SPEARHEADED BY THE PENTAGON'S office of Advanced Systems and Concepts, a group of DoD and civilian officials has been struggling to forge a consensus on so-called "measures of effectiveness" in the global war on terrorism. Their work on developing these benchmarks is an offshoot of a larger project sponsored by the Pentagon to explore new tactics for fighting the global war on terrorism.
The "measures of effectiveness" have helped form a framework for evaluating how well alternative tactics to the war on terrorism would work.
"Our tasking was to come up with some good alternative ideas, and the fact that the ability to measure how you were doing was a good idea was one of the initial things that came out of the game," said Gary Anderson, a former Marine colonel and frequent DoD consultant who ran a series of Pentagon-sponsored war games which examined alternative strategies to waging America's war on terrorism. "We decided to see what would be the long-term indications that you were succeeding," he said.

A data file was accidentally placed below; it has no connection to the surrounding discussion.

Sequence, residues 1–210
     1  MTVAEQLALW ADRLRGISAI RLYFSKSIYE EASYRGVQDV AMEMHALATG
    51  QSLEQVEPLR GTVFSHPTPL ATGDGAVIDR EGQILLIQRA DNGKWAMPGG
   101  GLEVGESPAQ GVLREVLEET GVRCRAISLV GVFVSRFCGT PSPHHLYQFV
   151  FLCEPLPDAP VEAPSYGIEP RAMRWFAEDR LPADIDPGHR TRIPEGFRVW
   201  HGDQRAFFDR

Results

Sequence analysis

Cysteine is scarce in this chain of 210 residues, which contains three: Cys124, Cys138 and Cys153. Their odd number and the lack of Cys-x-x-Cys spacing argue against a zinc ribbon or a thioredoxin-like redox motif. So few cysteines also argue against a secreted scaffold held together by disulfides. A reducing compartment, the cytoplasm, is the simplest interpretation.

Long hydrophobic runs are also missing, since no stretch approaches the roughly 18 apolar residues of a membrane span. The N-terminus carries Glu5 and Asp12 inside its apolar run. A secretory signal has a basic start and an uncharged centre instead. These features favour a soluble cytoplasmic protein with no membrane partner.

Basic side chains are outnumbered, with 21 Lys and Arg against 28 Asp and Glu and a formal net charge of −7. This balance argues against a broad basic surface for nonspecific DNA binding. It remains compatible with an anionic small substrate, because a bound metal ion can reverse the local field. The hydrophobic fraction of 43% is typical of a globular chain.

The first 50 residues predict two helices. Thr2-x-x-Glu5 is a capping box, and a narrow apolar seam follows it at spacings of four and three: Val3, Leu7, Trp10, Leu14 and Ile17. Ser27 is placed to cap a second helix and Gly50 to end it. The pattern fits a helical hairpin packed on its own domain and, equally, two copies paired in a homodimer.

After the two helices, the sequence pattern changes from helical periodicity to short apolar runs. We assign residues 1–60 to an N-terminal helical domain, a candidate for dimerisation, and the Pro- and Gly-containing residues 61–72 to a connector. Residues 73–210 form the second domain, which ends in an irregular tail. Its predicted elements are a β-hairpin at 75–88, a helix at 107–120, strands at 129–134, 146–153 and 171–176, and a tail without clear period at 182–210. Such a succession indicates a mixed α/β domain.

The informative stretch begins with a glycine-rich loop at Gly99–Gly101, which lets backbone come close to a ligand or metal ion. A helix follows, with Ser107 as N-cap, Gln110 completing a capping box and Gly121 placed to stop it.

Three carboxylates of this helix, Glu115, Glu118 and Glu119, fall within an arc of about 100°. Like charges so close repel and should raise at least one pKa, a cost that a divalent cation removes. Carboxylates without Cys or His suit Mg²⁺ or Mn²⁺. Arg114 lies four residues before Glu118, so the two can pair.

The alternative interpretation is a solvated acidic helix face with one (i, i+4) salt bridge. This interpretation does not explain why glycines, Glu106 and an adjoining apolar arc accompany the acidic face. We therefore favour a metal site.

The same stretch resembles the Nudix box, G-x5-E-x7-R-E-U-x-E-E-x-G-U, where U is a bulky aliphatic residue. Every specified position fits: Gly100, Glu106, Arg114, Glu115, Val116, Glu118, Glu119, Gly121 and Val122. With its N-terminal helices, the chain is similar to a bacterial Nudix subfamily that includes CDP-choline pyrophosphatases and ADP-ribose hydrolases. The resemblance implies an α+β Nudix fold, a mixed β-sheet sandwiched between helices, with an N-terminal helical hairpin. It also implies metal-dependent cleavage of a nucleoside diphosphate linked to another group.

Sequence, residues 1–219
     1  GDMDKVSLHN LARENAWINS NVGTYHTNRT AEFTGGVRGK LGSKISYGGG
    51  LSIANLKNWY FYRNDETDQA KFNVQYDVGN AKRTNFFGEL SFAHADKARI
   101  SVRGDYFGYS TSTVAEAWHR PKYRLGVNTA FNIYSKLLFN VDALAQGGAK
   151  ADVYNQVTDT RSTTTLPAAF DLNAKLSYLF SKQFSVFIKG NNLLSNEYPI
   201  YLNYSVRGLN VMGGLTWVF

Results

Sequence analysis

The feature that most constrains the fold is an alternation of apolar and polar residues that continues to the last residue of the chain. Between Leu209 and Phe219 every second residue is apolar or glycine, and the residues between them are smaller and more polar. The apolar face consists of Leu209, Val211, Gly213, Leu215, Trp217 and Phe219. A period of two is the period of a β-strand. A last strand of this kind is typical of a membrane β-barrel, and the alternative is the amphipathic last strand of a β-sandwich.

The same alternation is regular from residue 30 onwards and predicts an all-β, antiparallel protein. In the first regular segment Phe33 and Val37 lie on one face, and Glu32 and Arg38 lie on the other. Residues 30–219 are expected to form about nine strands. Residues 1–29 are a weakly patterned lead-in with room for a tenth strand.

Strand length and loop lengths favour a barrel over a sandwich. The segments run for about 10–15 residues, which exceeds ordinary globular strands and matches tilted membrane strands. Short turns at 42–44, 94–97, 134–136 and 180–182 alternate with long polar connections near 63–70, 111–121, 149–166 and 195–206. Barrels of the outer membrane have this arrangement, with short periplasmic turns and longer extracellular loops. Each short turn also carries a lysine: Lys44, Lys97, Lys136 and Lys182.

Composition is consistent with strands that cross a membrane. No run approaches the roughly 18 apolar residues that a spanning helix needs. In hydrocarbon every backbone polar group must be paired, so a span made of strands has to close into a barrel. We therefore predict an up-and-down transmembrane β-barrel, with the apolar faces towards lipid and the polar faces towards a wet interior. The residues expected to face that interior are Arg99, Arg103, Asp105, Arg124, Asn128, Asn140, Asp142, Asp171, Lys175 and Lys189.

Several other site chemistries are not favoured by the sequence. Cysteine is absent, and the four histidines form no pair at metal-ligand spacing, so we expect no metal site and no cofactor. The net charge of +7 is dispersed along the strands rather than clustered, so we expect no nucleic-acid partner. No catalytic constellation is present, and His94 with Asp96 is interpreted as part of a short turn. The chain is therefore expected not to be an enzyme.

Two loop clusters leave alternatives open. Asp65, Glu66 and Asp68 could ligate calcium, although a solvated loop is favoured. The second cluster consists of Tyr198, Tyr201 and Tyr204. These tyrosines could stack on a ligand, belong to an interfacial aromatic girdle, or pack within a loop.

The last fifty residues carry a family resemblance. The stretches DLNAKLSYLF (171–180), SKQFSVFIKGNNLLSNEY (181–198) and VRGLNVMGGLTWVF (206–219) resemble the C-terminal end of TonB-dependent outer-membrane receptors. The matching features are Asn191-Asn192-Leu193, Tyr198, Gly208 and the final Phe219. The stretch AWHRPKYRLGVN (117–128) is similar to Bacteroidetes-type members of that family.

Starting in September 2004, his group, dubbed the Defense Adaptive Red Team, developed a series of alternative strategies for fighting terrorism. The Pentagon-sponsored team concluded that the war on terrorism is essentially a global insurgency, where discontiguous groups that share a radical Islamic ideology are waging a campaign against the ideologies of the United States and its allies. Therefore, Anderson's team argued, U.S. strategy should incorporate many of the same methods used to counter classic insurgencies, including covert military and police actions; political and economic reform; and the winning hearts and minds.